What’s in the brains of those mystical music-y people?

I’ve a growing obsession with the makeup of music aficionados.

To clarify, I’m not concerned with people like me, who deeply enjoy music; I’m talking about that exclusive handful of society who knows what’s happening with music across all time and space. They know the new stuff, the old stuff, the foreign stuff, the rare stuff, the originals, the covers, the groundbreaking, the popular, and what’s coming out or being re-released. These are mystical people. As a music reporter for a short time in college, I saw a tantalizing bit of this world, but I never was fully immersed in it because, alas, sorority parties took precedence over seeing Cibo Matto at the Granada at the time. Then I moved out of the country, got typhoid, married a guy who loves Boys II Men and, eventually, got pregnant—two times, close together—so I’ve missed out on the world of music appreciation over the course of 10 years.

However, I proclaim, the music is back.

It started when my friend’s husband, Craig, hooked me up with an M.Ward compilation months ago, bless his soul for that, and we double-dated to the May 22 concert, my first live show in years. The joy was such that more than one eye rolled in my direction during the show, but I was a little rusty at the concert scene, so being really excited and talking about my love of the lyrics while he was actually singing them was just where I was at the moment. Forgive.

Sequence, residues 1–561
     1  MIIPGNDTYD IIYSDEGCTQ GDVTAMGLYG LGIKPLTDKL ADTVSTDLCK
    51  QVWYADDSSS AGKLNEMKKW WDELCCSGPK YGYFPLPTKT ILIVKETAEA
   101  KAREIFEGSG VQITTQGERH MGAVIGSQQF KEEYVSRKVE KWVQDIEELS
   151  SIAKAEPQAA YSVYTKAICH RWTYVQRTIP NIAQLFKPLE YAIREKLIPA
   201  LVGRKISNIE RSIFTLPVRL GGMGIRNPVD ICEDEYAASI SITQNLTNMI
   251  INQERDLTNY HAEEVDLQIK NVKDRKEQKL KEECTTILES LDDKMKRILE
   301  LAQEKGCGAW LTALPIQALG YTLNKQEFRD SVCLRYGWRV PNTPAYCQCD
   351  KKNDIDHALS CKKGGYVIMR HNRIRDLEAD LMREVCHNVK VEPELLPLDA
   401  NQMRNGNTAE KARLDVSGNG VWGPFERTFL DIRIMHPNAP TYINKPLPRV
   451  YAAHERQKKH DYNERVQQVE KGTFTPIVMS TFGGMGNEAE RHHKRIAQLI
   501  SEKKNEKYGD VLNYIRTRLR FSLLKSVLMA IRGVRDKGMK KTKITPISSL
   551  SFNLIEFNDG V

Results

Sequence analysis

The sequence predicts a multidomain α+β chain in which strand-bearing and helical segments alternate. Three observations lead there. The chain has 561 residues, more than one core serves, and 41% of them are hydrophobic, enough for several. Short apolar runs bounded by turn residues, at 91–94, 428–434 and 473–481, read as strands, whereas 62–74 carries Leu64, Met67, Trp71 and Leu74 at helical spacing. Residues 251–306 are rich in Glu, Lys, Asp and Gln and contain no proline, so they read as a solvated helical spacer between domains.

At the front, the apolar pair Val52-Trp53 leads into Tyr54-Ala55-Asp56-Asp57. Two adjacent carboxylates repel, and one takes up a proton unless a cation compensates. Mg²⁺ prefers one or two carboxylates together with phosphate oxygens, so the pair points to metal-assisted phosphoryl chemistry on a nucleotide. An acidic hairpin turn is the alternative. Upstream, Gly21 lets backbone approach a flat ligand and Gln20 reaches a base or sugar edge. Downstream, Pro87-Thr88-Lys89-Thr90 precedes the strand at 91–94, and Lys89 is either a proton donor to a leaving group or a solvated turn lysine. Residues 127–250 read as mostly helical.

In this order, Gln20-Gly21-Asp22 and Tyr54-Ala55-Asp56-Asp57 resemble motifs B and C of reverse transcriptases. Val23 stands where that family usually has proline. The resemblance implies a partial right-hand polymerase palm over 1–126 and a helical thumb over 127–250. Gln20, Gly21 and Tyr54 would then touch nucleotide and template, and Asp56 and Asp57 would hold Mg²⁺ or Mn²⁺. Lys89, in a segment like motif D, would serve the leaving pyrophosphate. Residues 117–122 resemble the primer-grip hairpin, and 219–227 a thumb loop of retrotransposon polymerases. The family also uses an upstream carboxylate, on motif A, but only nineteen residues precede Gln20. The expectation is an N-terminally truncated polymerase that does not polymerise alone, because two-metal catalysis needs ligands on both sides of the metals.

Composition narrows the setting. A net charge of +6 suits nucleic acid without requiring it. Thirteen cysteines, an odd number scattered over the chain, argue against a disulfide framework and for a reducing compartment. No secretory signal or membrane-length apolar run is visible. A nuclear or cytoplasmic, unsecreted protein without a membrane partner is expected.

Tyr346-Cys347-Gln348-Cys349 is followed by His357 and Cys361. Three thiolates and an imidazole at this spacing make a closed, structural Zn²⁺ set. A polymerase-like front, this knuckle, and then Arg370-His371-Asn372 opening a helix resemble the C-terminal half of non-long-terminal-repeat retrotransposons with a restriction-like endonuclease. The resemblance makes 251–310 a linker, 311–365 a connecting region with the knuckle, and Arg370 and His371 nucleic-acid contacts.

Next, my high school friend, Andrew, moved to Chicago for the summer and, in addition to sharing with me his own mind-blowingly beautiful albums and playing for me some other artists, which I promptly downloaded on my own, he took me on a field trip to Andy’s Music, a Chicago instrument store that lit a raging fire in my music-starved spirit. (Sitars! Singing bowls! Giant gongs! Guitars! Hand percussion! It was an imagination emporium.)

And then last weekend I had the massive joy of reconnecting with a dear old friend, Lyle, who always has new bands to love and is even casting a reality show on the topic. He promptly passed me some names to download and, as a result, today the boys were viciously screaming for Surfer Blood in the car. (I think they like the name. Lyle thinks it’s the drums. Johnny says it’s the name AND the “near, near, near, near guitar sound.”) Seeing Lyle brought about the crescendo of all questions I have on this topic: How in the world do these music people do this—know what music people will like? They’re like music prophets.


A blurry image of my fave music prophet, Lyle, in the foreground, dancing with Sarah and Dave at Lindsay’s Laguna Beach wedding last weekend.

Music Extra Sensory Perception: It’s for real

My first hint of Lyle’s musical extrasensory perception (we’ll call it M-ESP) took place 12 years ago. I think we were in his room at a rickety old house in Lawrence, Kansas. Either that, or we met while jogging on the hill in front of The Wheel (see: the scene of many a sorority party.) The setting is unclear but I’m certain about squishy foam headphones, a Walkman and his intent eyes waiting for my reaction when he put the headphones over my ears. In any case, the conversation went something like this:

Lyle: “Oh, Emily. You’ve gotta hear this song. It’s this band from the UK. The song is called ‘Yellow.’ Obviously.”

Me: “Oh, wow. That really is great. Who’s the band?”

Lyle: “They’re called Coldplay. Check ‘em out.”

We know how things went for Coldplay. But how did Lyle know, just from a quick listen to “Parachutes” (2000)?